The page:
Marguerite of Navarre: Renaissance Woman, Writer, Queen

Helped Negotiate the Treaty of Cambrai, the Ladies Peace

Marguerite of Navarre
Marguerite of Navarre. Fine Art Images/Heritage Images/Getty Images

Queen Marguerite of Navarre (April 11, 1491 - December 21, 1549) was known for helping negotiate the Treaty of Cambrai, known as The Ladies Peace. A Renaissance writer, Marguerite of Navarre was well educated; she influenced a king of France (her brother), patronized religious reformers and humanists, and educated her daughter, Jeanne d'Albret, according to Renaissance standards. She was the grandmother of King Henry IV of France.

She was also known as Marguerite of Angoulême, Margaret of Navarre, Margaret of Angouleme, Marguerite De Navarre, Margarita De Angulema, Margarita De Navarra.

Early Years

Marguerite of Navarre was the daughter of Louise of Savoy and Charles de Valois-Orléans, comte d'Angoulême. She was well educated in languages (including Latin), philosophy, history, and theology, taught by her mother and by tutors. Marguerite's father proposed when she was 10 that she marry the Prince of Wales, who later became Henry VIII.

Personal and Family Life

Marguerite of Navarre married the Duke of Alencon in 1509 when she was 17 years old and he was 20. He was far less educated than she, described by one contemporary as a "laggard and a dolt," but the marriage was advantageous to her brother, the presumed heir to the crown of France.

When her brother, Francis I, succeeded Louis XII, Marguerite served as his hostess.

Marguerite patronized scholars and explored religious reform. In 1524, Claude, the queen consort of Francis I, died, leaving two young daughters, Madeleine and Margaret, to the care of Marguerite. Marguerite raised them until Francis married Eleanor of Austria in 1530. Madeleine, born in 1520, later married James V of Scotland and died at age 16 of tuberculosis; Margaret, born in 1523, later married Emmanuel Philibert, Duke of Savoy, with whom she had a son.

The Duke was injured in the Battle of Pavia, 1525, in which Marguerite's brother, Francis I, was captured. With Francis held captive in Spain, Marguerite stepped up and helped her mother, Louise of Savoy, negotiate the release of Francis and the Treaty of Cambrai, known as The Ladies Peace (Paix des Dames). Part of the stipulation of this treaty was that Francis marry Eleanor of Austria, which he did in 1530.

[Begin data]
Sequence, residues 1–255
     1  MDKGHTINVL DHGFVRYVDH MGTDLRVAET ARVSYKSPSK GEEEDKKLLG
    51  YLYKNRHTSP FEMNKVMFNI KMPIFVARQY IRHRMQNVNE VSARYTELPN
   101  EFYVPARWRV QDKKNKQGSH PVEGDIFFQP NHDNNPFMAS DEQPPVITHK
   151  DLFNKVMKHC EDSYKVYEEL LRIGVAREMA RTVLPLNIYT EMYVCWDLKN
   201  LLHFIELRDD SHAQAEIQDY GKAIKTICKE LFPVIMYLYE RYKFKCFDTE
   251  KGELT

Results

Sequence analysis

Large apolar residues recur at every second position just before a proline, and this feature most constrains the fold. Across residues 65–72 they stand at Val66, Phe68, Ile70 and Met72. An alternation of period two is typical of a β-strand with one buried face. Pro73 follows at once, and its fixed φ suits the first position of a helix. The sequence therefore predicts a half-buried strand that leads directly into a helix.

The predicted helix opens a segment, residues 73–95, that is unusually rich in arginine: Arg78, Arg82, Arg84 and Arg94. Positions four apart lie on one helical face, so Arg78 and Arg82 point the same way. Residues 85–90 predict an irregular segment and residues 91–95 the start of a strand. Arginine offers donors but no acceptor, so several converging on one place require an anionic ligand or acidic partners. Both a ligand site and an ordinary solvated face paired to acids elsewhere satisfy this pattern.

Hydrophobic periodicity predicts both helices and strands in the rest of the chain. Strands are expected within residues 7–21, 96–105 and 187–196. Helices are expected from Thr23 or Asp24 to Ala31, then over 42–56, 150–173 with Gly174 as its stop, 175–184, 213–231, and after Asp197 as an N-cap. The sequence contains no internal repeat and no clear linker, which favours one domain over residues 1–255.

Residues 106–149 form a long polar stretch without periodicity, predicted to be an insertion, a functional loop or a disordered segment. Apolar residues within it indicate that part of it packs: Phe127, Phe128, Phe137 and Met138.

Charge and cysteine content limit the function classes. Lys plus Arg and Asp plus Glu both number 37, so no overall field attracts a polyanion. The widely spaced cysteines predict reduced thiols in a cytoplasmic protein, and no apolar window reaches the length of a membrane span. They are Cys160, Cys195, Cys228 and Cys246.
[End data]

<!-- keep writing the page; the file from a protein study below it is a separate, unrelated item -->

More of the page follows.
Marguerite's husband, the Duke, died of his battle injuries after Francis was captured. Marguerite had no children by her marriage to the Duke of Alencon.

In 1527, Marguerite married Henry d'Albret, King of Navarre, ten years younger than she. Under her influence, Henry initiated legal and economic reforms, and the court became a haven for religious reformers. They had one daughter, Jeanne d'Albret, and a son who died as an infant. While Marguerite retained influence at her brother's court, she and her husband were soon estranged, or perhaps never were all that close. Her salon, known as "The New Parnassas," gathered influential scholars and others.

Marguerite of Navarre took charge of the education of her daughter, Jeanne d'Albret, who became a Huguenot leader and whose son became France's King Henry IV.

Marguerite did not go so far as to become a Calvinist, and was estranged from her daughter Jeanne over religion. Yet Francis came to oppose many of the reformers with whom Marguerite was in contact, and that led to some estrangement between Marguerite and Francis.

Writing Career

Marguerite of Navarre wrote religious verse and short stories. Her verse reflected her religious non-orthodoxy, as she was influenced by humanists and tended towards mysticism. She published her first poem, "Miroir de l'âme pécheresse," after her son's death in 1530.

England's Princess Elizabeth (the future Queen Elizabeth I of England) translated Marguerite's "Miroir de l'âme pécheresse" (1531) as A Godly Meditation of the Soul (1548). Marguerite published "Les Marguerites de la Marguerite des princesses tresillustre royne de Navarre" and "Suyte des Marguerites de la Marguerite des princesses tresillustre royne de Navarre" in 1548, after Francis died

Legacy

Marguerite of Navarre died at age 57 in Odos. Marguerite's collection of 72 stories—many of women—was published after her death under the title L'Hemptameron des Nouvelles, also called The Heptameron.

Though it is not certain, it is speculated that Marguerite had some influence on Anne Boleyn when Anne was in France as a lady-in-waiting to Queen Claude, Marguerite's sister-in-law.

The bulk of Marguerite's verse was not collected and published until 1896, when it was published as Les Dernières poésies.

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Lewis, Jone Johnson. "Marguerite of Navarre: Renaissance Woman, Writer, Queen." ThoughtCo, Nov. 2, 2017, thoughtco.com/marguerite-of-navarre-biography-3530910. Lewis, Jone Johnson. (2017, November 2). Marguerite of Navarre: Renaissance Woman, Writer, Queen. Retrieved from https://www.thoughtco.com/marguerite-of-navarre-biography-3530910 Lewis, Jone Johnson. "Marguerite of Navarre: Renaissance Woman, Writer, Queen." ThoughtCo. https://www.thoughtco.com/marguerite-of-navarre-biography-3530910 (accessed November 22, 2017).